Lindsay checks in again from Costa Rica
I am writing to you from my "cabina" (Costa Rican word for hotel room, but simple rooms with a bed and a fan and enough room to turn around in off of somebody's home is a better description than what might come to mind when you hear "hotel room") in a town called Santa Cruz.
I am happily and thankfully listening to the music you gave me at Windward, which I downloaded to my computer. And a few days ago, I was delighted to remember that it was on my computer, as it is quite calming and a welcomed change from the regeton (a type of latin rap) that is played most frequently and most loudly here.
I have about 2 weeks left here in Costa Rica before heading back to MA and starting classes in Providence only a few short days after checking through customs. The last two and half weeks of this trip are dedicated once again to the research work, after spending the holidays recovering and rejuvenating myself. The water sampling is what brings me to the town of Santa Cruz, which awkwardly serves as both a resupply town for the surrounding cattle ranches and a necessary base for tourists headed towards the surfing beaches that line the pacific coast about 20kms from here.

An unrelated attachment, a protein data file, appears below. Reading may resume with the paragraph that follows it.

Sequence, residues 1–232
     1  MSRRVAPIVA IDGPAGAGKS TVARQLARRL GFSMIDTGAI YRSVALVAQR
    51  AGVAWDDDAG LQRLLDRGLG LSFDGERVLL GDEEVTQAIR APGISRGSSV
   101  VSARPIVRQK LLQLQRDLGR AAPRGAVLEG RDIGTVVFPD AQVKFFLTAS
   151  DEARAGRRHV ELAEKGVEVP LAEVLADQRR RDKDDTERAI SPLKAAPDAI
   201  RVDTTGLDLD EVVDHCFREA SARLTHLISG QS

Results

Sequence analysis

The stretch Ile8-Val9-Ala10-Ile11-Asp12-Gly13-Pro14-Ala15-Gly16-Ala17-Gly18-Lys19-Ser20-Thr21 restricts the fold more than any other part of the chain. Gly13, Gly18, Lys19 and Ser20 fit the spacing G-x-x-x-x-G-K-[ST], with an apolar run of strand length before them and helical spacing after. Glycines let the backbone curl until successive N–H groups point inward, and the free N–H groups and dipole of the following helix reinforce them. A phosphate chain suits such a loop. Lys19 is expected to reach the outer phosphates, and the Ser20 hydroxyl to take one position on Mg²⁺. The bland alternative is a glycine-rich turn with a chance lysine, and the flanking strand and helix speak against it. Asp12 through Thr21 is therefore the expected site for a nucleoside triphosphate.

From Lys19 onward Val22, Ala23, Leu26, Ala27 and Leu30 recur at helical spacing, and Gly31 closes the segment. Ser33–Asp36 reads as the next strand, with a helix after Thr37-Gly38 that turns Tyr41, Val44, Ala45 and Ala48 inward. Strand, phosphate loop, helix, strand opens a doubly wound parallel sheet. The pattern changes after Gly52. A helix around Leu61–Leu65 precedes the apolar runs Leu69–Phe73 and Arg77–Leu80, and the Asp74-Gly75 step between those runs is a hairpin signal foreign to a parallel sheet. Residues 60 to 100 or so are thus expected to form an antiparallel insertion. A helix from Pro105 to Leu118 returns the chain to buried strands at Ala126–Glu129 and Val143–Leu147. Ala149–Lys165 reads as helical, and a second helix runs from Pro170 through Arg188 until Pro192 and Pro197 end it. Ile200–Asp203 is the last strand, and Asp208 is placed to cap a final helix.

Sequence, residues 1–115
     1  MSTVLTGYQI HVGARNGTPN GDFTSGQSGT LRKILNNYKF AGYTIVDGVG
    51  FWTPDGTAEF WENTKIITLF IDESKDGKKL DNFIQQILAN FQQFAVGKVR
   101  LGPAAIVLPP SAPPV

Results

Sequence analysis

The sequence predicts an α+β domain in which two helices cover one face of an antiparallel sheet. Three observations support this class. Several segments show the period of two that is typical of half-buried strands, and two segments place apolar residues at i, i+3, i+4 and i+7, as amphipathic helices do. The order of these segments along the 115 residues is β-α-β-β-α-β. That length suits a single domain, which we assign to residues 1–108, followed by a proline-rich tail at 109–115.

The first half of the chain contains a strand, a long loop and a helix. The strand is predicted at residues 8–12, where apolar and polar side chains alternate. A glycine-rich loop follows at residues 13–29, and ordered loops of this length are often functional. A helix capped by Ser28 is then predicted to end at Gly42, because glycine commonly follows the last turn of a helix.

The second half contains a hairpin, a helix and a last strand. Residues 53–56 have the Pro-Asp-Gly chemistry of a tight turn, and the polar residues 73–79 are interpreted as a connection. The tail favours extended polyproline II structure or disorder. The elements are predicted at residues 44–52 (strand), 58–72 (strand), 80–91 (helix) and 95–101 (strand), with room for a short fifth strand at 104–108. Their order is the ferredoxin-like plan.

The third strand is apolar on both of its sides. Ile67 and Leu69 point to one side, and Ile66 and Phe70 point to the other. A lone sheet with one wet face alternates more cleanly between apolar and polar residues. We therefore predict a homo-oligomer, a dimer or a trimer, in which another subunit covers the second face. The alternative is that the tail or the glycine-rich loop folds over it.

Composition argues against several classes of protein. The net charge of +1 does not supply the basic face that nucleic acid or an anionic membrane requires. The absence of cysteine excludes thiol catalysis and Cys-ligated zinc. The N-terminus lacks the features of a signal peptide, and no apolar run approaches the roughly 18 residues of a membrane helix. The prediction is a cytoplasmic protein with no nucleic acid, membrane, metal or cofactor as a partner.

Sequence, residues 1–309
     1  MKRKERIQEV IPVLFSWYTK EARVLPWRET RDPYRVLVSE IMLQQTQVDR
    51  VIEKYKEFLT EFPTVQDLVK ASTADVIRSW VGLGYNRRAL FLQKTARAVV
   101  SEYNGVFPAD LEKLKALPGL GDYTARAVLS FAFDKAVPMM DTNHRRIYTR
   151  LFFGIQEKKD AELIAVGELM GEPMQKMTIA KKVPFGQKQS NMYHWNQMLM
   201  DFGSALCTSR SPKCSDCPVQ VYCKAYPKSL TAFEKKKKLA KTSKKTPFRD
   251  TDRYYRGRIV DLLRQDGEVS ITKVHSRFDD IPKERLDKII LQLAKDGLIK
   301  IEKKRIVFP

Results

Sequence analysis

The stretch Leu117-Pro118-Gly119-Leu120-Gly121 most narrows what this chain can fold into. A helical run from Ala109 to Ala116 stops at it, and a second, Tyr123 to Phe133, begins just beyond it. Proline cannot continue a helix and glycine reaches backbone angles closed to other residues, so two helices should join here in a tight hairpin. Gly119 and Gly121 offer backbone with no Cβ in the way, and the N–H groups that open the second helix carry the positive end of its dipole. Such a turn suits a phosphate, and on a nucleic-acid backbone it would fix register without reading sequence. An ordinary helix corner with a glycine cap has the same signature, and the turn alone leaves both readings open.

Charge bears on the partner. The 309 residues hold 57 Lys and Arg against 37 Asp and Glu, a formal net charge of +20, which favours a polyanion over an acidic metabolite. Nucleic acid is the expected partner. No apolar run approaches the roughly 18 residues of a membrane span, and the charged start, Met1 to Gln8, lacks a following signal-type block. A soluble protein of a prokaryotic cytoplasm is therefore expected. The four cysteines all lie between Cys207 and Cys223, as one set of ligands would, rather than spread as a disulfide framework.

On these days when I am sampling, once the sun goes down, I am pretty quick to retire to my oh so homey cabina, to rest before starting it all again in the morning. Since the sun rises here around 6am, and my body rises with the sun, my days start pretty early. Strangely enough, I have found that I am quite frequently getting up earlier than the sun, which occurred sometimes at Windward as well, but rarely anywhere else.
Today, when coming into town to place a recently collected sample in the freezer of the lovely woman who owns the cabinas where I am staying, I saw two men standing with shovels in the street, one of whom was also spraying water on a pile of rocks and sand on the side of the road. I realized they were making concrete-something I wouldn't have realized had I not spent those September afternoons mixing concrete with you for the base of octangle.
I've noticed that these types of scenes, which are all so frequent in Latin America, make much more sense to me now, as I actually know what they are doing, and can respect their efforts, as opposed to just passing them by and having them be absorbed into the entirety of the moment and whatever thoughts of appreciation or disgust (or anything in between) I am having at the moment for the place where I am.
It makes me wonder about all the misunderstandings I may have about the people and places in Costa Rica due to the fact I simply dont know what people are doing, or how it fits into their routine, whether they are performing a daily task so something that will "push the mission forward." Or even the ingenious use of materials or technology that I may be passing by because I cannot distinguish it from the rest of the scenery I am taking in at that particular moment.